- “We are working with law enforcement officials to identify problem areas to increase patrols and alter traffic patterns.”
- “We are collaborating with local public health officials to develop heat maps for violence acts to mobilize more police officers and gun violence prevention resources to those areas.”
- “We collaborated with local law enforcement, fire rescue and EMS to hold active shooter training.”
Adjustments to team processes and training
Trauma program leaders who responded to the survey described efforts to improve activation processes for victims of interpersonal violence.
One person noted an emphasis on speed: “We have worked with our ED and with EMS to improve our activation times for penetrating injuries to enable quicker times from ED to OR and for ED thoracotomy.”
At another center, trauma program leaders reviewed the activation policy to make sure the right team members are responding to activations for violence victims.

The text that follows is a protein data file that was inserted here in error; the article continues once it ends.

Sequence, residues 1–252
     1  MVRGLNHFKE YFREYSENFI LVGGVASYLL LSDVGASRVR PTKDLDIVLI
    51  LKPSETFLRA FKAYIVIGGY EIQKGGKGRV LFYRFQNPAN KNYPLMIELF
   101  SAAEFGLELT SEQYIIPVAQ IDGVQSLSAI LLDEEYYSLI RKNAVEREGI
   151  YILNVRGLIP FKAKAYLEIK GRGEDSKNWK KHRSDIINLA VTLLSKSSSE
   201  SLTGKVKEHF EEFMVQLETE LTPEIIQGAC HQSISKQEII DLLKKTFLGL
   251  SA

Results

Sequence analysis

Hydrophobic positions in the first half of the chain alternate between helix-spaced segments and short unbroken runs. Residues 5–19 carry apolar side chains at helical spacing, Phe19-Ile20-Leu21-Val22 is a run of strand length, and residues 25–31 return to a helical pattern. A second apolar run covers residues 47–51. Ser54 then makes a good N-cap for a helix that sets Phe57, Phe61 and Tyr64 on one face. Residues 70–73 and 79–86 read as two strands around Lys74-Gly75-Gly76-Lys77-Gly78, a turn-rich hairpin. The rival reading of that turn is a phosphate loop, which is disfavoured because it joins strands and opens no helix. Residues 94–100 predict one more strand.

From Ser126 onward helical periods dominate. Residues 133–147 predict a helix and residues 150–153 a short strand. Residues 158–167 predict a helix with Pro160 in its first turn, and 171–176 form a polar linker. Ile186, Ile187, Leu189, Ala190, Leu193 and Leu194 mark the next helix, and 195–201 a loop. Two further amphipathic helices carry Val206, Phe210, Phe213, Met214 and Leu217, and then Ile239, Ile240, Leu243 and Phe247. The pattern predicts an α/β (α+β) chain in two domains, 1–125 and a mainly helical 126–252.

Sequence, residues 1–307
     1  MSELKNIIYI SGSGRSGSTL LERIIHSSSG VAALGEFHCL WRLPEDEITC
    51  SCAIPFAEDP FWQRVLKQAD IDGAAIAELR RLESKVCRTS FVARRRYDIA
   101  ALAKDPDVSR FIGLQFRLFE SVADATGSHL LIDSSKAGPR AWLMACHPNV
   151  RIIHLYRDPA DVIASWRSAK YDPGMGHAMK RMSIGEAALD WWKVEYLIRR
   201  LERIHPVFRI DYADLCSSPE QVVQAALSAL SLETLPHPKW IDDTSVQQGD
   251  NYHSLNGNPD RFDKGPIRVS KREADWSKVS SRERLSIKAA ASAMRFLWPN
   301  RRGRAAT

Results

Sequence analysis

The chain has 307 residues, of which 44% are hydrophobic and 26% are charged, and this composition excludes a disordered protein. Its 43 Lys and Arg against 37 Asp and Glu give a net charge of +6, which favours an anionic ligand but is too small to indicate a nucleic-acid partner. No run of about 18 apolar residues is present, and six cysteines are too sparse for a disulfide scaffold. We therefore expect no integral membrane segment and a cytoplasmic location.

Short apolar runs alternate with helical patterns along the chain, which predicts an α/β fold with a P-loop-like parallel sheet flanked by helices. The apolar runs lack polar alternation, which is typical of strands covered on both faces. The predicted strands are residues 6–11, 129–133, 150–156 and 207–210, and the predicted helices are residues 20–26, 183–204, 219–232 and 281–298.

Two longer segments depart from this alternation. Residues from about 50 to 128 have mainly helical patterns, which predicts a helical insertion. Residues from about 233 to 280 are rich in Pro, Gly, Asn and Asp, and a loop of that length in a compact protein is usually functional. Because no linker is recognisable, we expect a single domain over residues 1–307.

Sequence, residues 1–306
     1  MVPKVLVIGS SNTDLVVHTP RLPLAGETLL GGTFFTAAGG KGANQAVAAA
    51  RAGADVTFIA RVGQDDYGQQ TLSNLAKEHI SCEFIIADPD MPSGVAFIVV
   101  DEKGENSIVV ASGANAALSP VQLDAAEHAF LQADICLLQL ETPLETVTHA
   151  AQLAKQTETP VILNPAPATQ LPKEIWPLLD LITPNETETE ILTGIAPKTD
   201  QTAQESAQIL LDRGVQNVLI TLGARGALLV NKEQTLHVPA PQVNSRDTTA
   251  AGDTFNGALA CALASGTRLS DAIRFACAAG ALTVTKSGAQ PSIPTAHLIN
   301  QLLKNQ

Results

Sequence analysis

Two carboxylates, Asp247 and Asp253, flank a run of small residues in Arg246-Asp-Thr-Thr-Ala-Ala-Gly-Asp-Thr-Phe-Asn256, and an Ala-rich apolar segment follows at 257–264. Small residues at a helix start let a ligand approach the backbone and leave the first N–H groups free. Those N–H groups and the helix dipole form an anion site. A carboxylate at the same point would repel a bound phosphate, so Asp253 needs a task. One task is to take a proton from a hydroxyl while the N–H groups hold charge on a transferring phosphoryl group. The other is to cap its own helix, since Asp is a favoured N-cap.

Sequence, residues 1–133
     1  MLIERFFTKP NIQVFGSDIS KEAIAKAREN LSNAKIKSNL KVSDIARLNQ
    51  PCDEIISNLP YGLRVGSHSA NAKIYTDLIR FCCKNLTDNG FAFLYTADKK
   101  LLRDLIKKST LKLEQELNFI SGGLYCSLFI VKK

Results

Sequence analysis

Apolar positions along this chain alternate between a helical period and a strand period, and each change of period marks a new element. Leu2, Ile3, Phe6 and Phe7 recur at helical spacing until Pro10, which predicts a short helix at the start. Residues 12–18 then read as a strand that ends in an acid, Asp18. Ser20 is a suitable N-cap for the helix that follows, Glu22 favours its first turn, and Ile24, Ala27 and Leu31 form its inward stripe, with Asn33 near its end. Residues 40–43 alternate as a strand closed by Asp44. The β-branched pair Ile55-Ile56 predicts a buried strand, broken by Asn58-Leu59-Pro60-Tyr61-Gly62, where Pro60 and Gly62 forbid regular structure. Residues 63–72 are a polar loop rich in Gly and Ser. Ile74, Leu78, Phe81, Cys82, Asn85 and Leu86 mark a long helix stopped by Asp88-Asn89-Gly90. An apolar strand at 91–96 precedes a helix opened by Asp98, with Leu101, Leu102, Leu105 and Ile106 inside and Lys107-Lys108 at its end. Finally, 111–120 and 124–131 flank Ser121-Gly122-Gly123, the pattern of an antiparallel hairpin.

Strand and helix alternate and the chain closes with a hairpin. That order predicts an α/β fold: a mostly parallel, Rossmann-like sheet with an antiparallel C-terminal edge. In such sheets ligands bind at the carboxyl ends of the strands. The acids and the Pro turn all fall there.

A few trauma programs increased physician staffing to expand the trauma team’s capability. As described by one respondent, “we have hired a surgeon to work full-time in the ED as a consult for the surgical and trauma-related patients who are not activation patients.”
Some respondents reported enhancements to staff education. For instance, staff at one trauma center received additional training on chest tubes and ED thoracotomy. As part of this effort, the center purchased an additional thoracotomy tray as well as a rapid infuser.
Two respondents noted an emphasis on treating victims of abuse:
- “We received a state grant for intimate partner violence [education]and offered training sessions to healthcare providers statewide throughout the year.”
- “We are currently working on a process to identify and assist human trafficking victims.”
Finally, one respondent noted the role of performance improvement (PI) in the trauma center response to increasing violence.
“We have a 100% review of all higher-level trauma patients to determine whether further education is needed or whether policies need to be revised,” the respondent wrote. “Feedback is given to those providers involved.”